Dear Dr. B: Recent reports on PSA and prostate cancer have really confused me. Can you please tell me about the tests required for early detection of prostate cancer and where does PSA fit in?
Dear Reader: You are not the only one who is confused. PSA-based screening for prostate cancer has always been confusing and controversial. Even doctors are confused!
I am into my seventh year of writing these columns. And looking back I have written at least five columns on PSA and prostate cancer. And we havent heard the last word on it.
Let us look at the recent media attention given to PSA and prostate cancer. An article published in the New England Journal of Medicine (NEJM) asks: What is the prevalence of prostate cancer among men with low prostate-specific antigen (PSA) levels?
Currently, the cut off point for PSA level is 4 ug/L. If the PSA level is 4 ug/L or more then the patient is referred for a biopsy of the prostate gland to check for cancer.
Some experts have argued that this cut off point is high and we may be missing lot of cancers in patient whose levels are lower than 4 ug/L.
The NEJM article reports on the results of PSA levels and prostate biopsy done on 2950 men who completed the seven-year-trial. The study found that the risk of cancer increased with increasing PSA level, from 6.6 per cent for levels of 0.5 ug/L or less to 26.9 per cent for level of 3.1 to 4.0 ug/L.
It has been estimated that by using the current cutoff point at 4 ug/L we will miss up to 82 per cent of cancers in younger men and 65 per cent of those in older men. This finding is the most recent reminder that that PSA measurement is not a good screening test for early detection of prostate cancer.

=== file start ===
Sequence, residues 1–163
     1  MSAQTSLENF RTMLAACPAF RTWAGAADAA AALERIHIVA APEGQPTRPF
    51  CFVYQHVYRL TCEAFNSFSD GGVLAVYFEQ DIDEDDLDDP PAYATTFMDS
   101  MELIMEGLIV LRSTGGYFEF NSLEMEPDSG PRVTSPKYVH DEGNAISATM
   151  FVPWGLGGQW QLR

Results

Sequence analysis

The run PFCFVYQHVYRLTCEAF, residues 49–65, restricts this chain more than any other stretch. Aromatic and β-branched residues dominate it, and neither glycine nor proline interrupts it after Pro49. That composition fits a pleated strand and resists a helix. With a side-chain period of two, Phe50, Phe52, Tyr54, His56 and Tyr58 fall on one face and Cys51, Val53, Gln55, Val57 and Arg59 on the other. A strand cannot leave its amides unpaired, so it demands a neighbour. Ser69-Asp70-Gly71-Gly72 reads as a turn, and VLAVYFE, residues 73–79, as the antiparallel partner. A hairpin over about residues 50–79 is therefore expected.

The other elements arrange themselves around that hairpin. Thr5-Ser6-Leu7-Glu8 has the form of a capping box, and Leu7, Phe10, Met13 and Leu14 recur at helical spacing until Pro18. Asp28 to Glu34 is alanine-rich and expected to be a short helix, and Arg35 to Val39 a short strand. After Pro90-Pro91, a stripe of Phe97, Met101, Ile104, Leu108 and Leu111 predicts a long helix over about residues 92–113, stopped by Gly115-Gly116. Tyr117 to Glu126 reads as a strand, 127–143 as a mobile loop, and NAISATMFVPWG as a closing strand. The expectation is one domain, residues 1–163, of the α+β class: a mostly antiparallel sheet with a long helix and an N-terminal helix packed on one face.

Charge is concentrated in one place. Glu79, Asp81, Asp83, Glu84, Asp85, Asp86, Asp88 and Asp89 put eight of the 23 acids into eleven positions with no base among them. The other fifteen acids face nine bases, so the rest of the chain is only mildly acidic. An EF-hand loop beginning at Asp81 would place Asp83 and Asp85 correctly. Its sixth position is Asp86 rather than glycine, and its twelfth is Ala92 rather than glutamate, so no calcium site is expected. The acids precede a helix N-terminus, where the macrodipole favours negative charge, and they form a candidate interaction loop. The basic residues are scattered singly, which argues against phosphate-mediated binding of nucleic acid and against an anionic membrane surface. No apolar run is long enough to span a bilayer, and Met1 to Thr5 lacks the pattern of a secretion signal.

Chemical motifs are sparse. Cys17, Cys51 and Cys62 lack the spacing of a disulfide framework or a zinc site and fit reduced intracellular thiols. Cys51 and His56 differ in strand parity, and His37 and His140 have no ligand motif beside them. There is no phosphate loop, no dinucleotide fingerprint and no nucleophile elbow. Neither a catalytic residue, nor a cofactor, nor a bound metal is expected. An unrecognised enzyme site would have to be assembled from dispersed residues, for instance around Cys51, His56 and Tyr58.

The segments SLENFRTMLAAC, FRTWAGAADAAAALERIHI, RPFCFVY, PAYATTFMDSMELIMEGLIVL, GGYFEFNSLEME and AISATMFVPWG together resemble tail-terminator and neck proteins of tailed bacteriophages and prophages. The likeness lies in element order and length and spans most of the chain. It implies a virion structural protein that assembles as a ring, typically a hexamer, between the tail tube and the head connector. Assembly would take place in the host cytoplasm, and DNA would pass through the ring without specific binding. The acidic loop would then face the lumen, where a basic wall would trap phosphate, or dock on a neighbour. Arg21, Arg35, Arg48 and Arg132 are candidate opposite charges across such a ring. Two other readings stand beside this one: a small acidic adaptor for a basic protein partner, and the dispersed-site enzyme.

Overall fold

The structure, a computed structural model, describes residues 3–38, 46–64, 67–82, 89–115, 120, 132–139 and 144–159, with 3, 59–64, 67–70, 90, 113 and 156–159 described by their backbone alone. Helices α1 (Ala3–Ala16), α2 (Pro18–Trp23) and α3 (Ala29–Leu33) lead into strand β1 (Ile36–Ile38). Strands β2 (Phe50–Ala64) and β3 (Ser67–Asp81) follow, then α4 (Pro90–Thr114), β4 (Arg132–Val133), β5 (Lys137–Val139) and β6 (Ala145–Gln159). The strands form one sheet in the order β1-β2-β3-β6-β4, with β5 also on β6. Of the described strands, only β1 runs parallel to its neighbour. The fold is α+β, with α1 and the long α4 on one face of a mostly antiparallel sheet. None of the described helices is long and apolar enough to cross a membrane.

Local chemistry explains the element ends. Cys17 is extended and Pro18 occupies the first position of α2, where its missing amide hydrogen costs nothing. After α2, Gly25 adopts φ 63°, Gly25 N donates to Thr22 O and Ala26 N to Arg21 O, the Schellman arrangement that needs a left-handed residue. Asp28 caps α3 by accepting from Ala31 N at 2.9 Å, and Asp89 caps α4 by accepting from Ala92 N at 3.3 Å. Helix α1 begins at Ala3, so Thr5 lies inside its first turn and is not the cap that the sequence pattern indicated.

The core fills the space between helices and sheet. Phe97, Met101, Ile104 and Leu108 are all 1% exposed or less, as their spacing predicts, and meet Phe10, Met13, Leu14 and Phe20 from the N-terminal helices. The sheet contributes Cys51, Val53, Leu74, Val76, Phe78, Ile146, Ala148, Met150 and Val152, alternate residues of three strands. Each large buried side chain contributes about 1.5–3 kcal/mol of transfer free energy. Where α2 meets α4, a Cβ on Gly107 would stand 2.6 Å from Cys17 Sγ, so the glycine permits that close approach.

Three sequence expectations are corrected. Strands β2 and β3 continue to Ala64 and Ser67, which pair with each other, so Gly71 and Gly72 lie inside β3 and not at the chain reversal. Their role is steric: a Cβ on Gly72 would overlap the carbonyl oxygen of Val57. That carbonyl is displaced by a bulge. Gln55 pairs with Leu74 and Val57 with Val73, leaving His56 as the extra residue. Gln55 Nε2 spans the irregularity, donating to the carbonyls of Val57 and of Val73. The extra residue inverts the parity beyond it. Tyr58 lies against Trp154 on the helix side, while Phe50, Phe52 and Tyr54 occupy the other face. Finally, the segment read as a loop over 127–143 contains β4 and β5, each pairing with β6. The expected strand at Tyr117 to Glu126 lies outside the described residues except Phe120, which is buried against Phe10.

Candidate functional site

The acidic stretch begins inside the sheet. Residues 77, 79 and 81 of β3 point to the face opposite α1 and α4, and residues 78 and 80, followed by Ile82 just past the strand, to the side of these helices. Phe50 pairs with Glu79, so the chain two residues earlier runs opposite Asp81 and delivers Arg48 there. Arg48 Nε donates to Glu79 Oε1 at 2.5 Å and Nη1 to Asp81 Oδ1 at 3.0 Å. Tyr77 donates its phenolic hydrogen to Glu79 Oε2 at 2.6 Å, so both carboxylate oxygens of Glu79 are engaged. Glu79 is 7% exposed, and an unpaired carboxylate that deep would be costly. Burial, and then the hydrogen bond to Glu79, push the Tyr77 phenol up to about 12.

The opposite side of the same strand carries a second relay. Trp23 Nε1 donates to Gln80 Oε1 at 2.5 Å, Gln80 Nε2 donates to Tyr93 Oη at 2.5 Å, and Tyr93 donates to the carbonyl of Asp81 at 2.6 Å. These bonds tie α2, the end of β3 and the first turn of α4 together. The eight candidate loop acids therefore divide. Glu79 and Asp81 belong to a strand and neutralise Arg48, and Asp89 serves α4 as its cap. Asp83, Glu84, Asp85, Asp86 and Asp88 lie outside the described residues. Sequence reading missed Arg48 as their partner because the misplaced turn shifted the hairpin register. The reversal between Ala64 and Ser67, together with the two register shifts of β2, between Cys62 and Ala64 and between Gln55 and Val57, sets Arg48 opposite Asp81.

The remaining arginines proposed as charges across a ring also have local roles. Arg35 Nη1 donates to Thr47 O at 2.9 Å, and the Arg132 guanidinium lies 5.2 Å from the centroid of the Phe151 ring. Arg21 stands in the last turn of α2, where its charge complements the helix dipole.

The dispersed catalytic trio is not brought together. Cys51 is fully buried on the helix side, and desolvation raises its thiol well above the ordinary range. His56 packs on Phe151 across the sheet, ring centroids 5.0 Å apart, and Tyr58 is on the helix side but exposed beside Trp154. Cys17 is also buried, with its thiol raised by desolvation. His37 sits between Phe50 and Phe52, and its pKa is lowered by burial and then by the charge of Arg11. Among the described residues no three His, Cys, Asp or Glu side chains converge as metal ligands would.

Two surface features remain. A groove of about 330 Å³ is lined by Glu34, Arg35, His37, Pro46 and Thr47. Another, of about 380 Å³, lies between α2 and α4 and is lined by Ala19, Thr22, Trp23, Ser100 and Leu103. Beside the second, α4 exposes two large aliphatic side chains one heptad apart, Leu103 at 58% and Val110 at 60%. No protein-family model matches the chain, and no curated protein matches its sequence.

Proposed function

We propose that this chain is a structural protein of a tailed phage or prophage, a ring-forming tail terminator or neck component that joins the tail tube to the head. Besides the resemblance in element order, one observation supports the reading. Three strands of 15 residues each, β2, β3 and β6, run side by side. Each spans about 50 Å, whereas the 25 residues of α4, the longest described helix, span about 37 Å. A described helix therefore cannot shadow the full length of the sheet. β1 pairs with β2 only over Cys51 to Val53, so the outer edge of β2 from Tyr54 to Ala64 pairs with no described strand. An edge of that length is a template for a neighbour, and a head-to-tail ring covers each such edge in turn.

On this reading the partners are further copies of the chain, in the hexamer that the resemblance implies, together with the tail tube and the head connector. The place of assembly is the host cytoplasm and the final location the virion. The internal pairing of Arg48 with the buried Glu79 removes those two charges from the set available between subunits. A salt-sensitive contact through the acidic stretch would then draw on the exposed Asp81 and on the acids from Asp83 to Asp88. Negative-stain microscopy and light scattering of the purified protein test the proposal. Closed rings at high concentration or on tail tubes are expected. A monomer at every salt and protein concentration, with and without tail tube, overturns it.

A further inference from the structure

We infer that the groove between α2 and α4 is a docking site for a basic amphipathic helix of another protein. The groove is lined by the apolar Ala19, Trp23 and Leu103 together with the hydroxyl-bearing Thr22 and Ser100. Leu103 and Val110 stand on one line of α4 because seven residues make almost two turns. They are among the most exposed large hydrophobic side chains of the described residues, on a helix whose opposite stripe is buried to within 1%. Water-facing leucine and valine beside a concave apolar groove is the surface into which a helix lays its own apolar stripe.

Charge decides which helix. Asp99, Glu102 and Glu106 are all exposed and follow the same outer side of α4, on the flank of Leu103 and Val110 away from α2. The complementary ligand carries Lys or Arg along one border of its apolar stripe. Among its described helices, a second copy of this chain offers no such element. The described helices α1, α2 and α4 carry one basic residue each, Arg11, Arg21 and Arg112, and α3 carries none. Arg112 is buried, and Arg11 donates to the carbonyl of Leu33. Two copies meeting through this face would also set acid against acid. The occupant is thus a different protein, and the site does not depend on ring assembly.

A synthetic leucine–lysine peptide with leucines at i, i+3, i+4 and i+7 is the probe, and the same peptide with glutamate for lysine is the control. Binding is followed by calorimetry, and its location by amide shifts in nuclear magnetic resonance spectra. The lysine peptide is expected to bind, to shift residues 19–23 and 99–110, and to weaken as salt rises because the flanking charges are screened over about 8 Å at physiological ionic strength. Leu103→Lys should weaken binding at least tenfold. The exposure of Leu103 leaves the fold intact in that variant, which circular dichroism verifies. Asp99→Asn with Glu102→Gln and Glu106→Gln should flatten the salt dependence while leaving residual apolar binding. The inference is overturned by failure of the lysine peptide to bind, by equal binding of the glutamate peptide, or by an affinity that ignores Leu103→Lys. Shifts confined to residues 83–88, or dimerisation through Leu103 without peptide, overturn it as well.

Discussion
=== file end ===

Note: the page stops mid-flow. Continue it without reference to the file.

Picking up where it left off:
Is there anything better? Unfortunately, no! It is suggested that monitoring the rate of rise of PSA levels over time may help. For example, if your baseline PSA is 1.0 ug/L and over a period of time it gradually increases then there may be an indication for prostate biopsy. This hypothesis has not yet been validated.
Prostate cancer is the most frequent cancer and the second leading cause of death from cancer in men, exceeded only by lung cancer. In our region, 80 to 90 new cases of prostate cancers are diagnosed each year. And each year 10 to 15 patients die of the disease.
Every man, who lives long enough, will develop prostate cancer. The risk of getting prostate cancer increases rapidly after the age of 50. In fact, by age 75, the risk of getting prostate cancer is 30 times higher than age 50.
So, for early detection tests, what we have is better than nothing. The current tests are digital rectal examination and PSA blood test and they are still available. How often one should undergo these tests also remains controversial. But the best thing is to discuss your risk factors with your doctor and he or she can advise you accordingly.
Thought for the week:
Success is that old A B C ability, breaks, and courage.
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